• Exactly if you don't fix the power plant emissions, fixing the trucks is just everybody feeling good and singing Kumbaya, just like the soccer mom's saying everybody should be driving Hybrids then buckling Junior into the back seat of their Escalade. Still if the truckers are able to pull a "greener than thou" routine on the soccer mom's thing could get entertaining. Making Biodeisel to ASTM standards is just a matter of following the directions and testing, this method [journeytoforever.org] is pretty foolproof.
          • by llefler (184847)
            Making Biodeisel to ASTM standards is just a matter of following the directions and testing,

            I'm sure there are plenty of people making biodiesel to ASTM standards. There are also a lot of people brewing it in their garage. BioWillie biodiesel is the first one that I have seen guaranteeing it. I think that guarantee is what is needed to push biodiesel. Either from a single brand like BioWillie or a number of brands with similar guarantees. It needs to be available at every Pilot and Flying J across the
  • The article lists $57.5 billion as the amount the US government has spent on alternative fuels in the past 30 years. That sounds like an unbelievable amount of money. However:

    1. I would bet that a substantial portion of the money was spent on corn Ethanol subsidies, which (as has been debated endlessly) are not among the more efficient ways to generate a renewable fuel alternative to petroleum.

    2. As of 2000, the US used 98 quadrillion BTU in total energy, or the equivalent of 784 billion gallons of
  • by WindBourne (631190) on Friday March 07, 2008 @11:34AM (#22675640) Journal
    Wind has MORE than enough ppl doing the research. The tax credits will help keep pushing it. The research for it can stop. Solar is of the same situation. Hydrogen is a total joke, but some funding should be done for it. The place that absolutely needs funding is geo-thermal. Disregard the MIT study. Instead, look at the fact that it is the ONLY form of AE that can serve as base load. All others are intermitant. But shallow geo-thermal, has many ways to be developed. For example using old oil wells, can heat water to about 70C. Then during the day time, solar can push it to 100C or better. During the night time, we can use Natural Gas to push it. Of course, the other choice is to change the medium according to the time. During the night (cool temps), the steam can be ammonia which boils at much lower temp, while during the day time, water is used (hotter outside temps).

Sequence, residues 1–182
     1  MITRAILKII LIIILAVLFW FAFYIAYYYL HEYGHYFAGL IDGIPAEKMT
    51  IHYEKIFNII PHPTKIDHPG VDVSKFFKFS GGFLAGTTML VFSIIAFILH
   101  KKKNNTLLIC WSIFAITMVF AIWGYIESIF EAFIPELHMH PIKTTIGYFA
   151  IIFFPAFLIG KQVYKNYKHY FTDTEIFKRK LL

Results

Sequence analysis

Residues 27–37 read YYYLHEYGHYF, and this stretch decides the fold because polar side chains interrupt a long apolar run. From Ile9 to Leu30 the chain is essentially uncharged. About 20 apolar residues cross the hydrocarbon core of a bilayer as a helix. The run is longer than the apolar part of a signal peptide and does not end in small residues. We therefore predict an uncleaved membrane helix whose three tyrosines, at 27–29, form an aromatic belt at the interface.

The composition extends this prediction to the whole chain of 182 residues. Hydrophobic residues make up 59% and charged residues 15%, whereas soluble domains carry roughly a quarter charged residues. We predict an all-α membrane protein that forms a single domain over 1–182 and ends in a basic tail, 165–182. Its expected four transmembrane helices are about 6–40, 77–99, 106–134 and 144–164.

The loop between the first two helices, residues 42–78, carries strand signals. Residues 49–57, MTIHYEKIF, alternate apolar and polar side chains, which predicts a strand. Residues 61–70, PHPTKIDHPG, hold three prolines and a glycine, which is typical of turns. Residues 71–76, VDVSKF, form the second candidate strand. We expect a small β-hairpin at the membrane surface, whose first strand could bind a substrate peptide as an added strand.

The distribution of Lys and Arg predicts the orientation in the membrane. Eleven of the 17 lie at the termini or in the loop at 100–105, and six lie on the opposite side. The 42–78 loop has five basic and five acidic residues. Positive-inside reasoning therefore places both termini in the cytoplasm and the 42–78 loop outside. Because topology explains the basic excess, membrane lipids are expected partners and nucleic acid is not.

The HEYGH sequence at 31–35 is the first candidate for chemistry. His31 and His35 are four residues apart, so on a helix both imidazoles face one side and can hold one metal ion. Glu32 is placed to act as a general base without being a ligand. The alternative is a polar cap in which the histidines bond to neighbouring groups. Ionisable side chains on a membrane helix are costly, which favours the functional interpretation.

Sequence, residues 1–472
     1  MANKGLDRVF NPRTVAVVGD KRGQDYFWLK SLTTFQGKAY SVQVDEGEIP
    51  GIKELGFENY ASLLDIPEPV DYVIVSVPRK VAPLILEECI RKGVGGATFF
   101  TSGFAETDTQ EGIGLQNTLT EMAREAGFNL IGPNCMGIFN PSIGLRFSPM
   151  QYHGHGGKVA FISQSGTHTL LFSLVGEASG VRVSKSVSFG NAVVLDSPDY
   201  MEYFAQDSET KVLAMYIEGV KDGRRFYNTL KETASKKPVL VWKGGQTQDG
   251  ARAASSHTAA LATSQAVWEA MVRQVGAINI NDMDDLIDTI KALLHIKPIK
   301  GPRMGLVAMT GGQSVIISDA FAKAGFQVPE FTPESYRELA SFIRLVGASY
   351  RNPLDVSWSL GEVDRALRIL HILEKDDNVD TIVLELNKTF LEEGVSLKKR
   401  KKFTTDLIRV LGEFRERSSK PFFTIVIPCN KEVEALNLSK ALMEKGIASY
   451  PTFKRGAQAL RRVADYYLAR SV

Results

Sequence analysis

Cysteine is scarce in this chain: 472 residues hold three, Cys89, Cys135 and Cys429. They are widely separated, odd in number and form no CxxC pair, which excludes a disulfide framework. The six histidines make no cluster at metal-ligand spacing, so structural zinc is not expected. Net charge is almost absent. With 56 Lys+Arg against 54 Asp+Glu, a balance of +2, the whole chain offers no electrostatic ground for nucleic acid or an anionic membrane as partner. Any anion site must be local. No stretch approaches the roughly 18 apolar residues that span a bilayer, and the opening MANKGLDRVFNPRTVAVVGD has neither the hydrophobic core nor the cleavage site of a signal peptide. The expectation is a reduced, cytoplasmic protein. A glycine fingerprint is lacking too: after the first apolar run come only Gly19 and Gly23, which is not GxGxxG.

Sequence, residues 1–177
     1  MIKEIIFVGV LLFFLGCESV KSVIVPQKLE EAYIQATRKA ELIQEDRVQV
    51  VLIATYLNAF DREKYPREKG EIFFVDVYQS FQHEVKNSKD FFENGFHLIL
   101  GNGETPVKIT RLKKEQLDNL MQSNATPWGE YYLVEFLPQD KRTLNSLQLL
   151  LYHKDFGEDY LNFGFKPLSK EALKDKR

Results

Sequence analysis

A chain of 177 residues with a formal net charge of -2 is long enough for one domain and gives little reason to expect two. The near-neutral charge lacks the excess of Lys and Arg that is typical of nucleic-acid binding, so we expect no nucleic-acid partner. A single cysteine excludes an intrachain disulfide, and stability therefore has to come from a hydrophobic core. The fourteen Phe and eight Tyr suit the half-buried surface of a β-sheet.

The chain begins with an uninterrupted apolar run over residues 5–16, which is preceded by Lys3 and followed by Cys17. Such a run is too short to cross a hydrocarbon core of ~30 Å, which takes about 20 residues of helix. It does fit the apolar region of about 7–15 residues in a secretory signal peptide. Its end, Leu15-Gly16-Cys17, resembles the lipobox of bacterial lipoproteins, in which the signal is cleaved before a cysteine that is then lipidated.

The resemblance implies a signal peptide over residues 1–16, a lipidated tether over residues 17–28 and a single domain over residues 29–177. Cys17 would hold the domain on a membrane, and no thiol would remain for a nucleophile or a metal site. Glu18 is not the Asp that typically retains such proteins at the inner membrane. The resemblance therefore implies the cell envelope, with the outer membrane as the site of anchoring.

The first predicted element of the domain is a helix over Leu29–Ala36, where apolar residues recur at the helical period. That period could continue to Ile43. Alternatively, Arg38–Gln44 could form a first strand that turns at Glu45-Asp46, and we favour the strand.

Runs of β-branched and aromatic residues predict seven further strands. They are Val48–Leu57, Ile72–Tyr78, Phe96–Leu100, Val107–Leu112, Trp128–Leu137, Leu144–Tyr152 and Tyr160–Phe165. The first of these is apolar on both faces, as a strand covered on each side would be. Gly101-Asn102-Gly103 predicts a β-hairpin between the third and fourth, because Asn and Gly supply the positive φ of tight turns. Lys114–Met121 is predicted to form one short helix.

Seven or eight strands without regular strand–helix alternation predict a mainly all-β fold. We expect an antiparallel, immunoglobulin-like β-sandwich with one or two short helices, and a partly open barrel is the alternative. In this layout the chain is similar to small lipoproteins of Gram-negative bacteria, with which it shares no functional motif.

And of course, deep geo-thermal has the potential to account for about 20-40% of all of America's energy. Combine with solar, wind, water, and nukes, and we can kick all the carbon out. All within 10 years.
    • Instead, look at the fact that it is the ONLY form of AE that can serve as base load. All others are intermitant.

      Ausra [ausra.com] doesn't say much about how they plan on doing it, but they claim they can store heat energy for use when the sun isn't shining.
      I'd say government research on storing thermal energy is worthwhile, but frankly, it seems like the private sector is doing that research already.

      -- Should you believe authority without question?

      • And that is called creation AND STORAGE. All of these can do it by increasing the costs. But fossil fuels, hydo, and geo-thermal that are NOT intermittent and can then work as true base-load power. The others are only as good as the storage holds up.

        BTW, they are simply going to store thermal in salt. A number of companies are proposing it. In fact, it is a great idea. I personally think that we should create distributed thermal storage systems. It would allow us to handle SO many issues. But energy stor
  • Mis LABELED AGAIN (Score:3, Interesting)

    by WindBourne (631190) on Friday March 07, 2008 @12:24PM (#22676272) Journal
    This budget is NOT about alternative energy research. It is about Advanced energy research. Alternative is just a SMALL portion of it. In fact, about 1/2 of the research goes to Fossil fuel research. another quarter goes to nukes. Of the remainder, the bulk goes to hydrogen and ethanol. IOW, damn little research is done on true alternative energy.
  • The evolution of transportation. Transportation seem to be in the very early stages of evolution. Dinosoars had many of the same problems . The increase of vehicle size that is needed to protect the passengers and its inability to operate safely in adverse weather conditions are just a few of the problems. These problems waste huge amounts of energy. I hope we can solve these problems before it is too late. It may help the transportation departments to take a closer look into how biological systems transpo